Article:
Rockford Counselor’s Advice on How to Talk to Kids About Racism
It's tough to be a parent.
During normal times it's tough to be a parent, but in the midst of a worldwide health pandemic and a time of racial tension, the job just got ten times harder. Our children are asking a lot of questions we don't really know how to answer. We want to calm their fears and be honest about what is happening in the world around them, but finding the best way to do all that feels damn near impossible.
Personally, I am torn between being honest with my children, and the strong urge to protect them from all of it. Here's the thing though, turning a blind eye, especially to the subject of racism, will likely hurt our children in the long run. Eventually they will see videos on social media. They will read things. They will hear things, and those "things" should probably come from their parents first.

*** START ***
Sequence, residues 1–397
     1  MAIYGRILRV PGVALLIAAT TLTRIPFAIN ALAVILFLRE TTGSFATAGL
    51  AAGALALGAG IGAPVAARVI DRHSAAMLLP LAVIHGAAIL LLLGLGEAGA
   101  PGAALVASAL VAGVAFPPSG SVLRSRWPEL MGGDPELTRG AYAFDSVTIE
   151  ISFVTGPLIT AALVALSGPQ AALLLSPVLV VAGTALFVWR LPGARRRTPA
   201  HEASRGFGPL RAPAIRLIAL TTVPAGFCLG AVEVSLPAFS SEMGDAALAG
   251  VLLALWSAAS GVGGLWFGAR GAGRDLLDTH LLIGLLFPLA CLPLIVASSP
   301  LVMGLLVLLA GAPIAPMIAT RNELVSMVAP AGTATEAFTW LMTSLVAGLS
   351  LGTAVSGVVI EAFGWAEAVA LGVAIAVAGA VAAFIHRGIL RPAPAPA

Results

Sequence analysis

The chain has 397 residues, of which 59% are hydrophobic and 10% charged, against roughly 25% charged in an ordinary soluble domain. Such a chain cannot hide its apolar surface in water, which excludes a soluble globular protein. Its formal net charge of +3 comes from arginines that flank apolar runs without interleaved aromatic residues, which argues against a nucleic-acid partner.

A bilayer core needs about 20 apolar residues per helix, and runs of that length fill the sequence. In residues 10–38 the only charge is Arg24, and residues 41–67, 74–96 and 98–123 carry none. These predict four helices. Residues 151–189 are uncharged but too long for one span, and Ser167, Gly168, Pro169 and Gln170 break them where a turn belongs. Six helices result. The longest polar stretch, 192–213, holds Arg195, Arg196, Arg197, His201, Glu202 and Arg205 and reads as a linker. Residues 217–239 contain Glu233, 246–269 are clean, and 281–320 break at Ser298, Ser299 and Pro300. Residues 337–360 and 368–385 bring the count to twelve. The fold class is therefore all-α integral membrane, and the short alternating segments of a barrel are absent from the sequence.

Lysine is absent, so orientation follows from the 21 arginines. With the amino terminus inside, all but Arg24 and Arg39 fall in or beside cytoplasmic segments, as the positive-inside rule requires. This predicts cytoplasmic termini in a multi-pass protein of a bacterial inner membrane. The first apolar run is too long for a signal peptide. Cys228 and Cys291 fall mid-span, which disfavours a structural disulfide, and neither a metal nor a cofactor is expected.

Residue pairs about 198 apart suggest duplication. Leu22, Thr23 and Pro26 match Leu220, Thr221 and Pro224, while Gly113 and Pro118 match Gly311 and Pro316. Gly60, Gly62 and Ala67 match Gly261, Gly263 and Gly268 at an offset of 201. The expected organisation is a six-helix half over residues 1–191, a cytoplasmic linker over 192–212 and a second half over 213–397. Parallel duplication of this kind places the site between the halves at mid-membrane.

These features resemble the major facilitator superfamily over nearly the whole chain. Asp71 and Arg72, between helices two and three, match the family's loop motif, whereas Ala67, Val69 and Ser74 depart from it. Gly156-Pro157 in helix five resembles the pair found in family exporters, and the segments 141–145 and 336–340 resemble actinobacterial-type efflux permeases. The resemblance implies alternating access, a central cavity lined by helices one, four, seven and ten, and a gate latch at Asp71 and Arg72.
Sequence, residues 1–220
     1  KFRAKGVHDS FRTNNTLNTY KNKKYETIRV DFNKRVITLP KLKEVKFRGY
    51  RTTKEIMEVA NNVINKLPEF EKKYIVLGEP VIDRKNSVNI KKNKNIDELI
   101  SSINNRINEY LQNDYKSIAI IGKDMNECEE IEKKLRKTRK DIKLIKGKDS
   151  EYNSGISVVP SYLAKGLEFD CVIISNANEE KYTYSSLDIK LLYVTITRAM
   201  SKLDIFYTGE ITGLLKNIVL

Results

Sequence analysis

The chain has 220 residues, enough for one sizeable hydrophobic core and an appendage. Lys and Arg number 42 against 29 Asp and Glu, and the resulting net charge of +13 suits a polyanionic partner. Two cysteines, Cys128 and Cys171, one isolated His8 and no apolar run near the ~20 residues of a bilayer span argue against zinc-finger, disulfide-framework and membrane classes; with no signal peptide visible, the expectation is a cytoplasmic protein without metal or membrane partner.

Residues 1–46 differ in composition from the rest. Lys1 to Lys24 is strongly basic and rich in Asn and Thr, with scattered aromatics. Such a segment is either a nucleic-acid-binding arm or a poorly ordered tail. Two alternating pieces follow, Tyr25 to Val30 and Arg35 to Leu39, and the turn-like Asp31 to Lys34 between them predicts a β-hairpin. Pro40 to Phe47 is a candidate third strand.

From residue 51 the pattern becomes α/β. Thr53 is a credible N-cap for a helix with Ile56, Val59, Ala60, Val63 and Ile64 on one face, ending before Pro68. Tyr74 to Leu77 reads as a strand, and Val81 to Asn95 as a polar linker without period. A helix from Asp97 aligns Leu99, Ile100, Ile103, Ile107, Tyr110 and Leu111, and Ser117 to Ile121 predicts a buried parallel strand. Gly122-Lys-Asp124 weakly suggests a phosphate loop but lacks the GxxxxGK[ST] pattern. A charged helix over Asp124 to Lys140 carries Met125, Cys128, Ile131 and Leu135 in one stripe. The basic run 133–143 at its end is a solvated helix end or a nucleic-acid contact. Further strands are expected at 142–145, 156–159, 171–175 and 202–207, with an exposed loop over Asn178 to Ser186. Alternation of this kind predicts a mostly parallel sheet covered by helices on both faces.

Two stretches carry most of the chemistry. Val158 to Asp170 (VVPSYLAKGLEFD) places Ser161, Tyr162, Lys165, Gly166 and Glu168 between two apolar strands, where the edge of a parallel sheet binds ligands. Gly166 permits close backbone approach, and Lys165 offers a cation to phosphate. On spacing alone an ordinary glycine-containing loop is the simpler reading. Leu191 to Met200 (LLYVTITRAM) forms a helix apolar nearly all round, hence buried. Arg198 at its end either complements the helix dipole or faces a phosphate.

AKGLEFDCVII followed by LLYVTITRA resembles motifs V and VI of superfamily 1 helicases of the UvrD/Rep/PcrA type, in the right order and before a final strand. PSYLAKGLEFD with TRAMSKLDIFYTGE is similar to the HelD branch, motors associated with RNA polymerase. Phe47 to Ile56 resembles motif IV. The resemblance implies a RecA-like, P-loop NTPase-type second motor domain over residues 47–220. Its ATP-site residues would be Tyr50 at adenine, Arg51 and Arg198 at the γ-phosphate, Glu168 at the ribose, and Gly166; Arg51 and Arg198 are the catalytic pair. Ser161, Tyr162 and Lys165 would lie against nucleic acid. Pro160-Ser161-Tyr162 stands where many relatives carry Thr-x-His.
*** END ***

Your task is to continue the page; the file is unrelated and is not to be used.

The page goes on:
“Just being open and honest about how people are frustrated, and they’re angry, and they’re upset, and they’re hurting. And so one way to do that is to protest. When you want something to be changed, you can protest.
You should be honest with your kids about how it’s making you feel. I think that’s a great starting point, is that I’m a parent–but I’m also a human and I also feel what’s happening in the world.
As a parent with young children, the wisdom I am taking from that advice is, we might not have to dive into all the ins and outs of racism with our kids, because they likely won't understand it, but being honest about what's happening is what's most important.
We need to teach our children to not see race, color, gender, religion or physical differences. Kids aren't born seeing differences, they learn them from adults. Keep that in mind at all times. We can do better.